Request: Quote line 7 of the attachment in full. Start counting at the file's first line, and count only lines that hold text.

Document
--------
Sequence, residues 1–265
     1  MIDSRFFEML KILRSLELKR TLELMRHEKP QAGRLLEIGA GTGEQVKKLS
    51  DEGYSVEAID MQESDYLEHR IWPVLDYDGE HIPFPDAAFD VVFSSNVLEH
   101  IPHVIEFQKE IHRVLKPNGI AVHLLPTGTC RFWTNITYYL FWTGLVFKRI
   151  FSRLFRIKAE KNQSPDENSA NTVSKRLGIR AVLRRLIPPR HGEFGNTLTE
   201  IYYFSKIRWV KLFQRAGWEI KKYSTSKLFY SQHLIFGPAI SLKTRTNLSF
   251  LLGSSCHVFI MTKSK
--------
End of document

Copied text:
   251  LLGSSCHVFI MTKSK